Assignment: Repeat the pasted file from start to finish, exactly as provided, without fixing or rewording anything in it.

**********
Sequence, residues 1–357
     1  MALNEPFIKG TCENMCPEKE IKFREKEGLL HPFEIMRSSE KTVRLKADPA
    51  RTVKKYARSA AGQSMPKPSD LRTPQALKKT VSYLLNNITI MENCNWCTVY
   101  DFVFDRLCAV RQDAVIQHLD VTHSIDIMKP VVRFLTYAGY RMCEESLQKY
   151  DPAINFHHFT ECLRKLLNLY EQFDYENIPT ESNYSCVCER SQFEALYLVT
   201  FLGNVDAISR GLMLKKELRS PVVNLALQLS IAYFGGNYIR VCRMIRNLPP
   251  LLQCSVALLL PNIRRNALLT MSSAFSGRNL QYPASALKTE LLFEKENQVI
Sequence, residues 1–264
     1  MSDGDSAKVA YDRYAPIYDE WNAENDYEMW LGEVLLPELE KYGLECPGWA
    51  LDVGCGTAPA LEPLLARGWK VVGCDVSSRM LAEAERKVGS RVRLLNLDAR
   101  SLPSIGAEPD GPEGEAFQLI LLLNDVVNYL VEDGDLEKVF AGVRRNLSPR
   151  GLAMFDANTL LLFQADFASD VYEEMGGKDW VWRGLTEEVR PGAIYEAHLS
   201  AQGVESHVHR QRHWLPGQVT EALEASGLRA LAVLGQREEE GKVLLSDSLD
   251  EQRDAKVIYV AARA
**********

Sequence, residues 1–357
     1  MALNEPFIKG TCENMCPEKE IKFREKEGLL HPFEIMRSSE KTVRLKADPA
    51  RTVKKYARSA AGQSMPKPSD LRTPQALKKT VSYLLNNITI MENCNWCTVY
   101  DFVFDRLCAV RQDAVIQHLD VTHSIDIMKP VVRFLTYAGY RMCEESLQKY
   151  DPAINFHHFT ECLRKLLNLY EQFDYENIPT ESNYSCVCER SQFEALYLVT
   201  FLGNVDAISR GLMLKKELRS PVVNLALQLS IAYFGGNYIR VCRMIRNLPP
   251  LLQCSVALLL PNIRRNALLT MSSAFSGRNL QYPASALKTE LLFEKENQVI
Sequence, residues 1–264
     1  MSDGDSAKVA YDRYAPIYDE WNAENDYEMW LGEVLLPELE KYGLECPGWA
    51  LDVGCGTAPA LEPLLARGWK VVGCDVSSRM LAEAERKVGS RVRLLNLDAR
   101  SLPSIGAEPD GPEGEAFQLI LLLNDVVNYL VEDGDLEKVF AGVRRNLSPR
   151  GLAMFDANTL LLFQADFASD VYEEMGGKDW VWRGLTEEVR PGAIYEAHLS
   201  AQGVESHVHR QRHWLPGQVT EALEASGLRA LAVLGQREEE GKVLLSDSLD
   251  EQRDAKVIYV AARA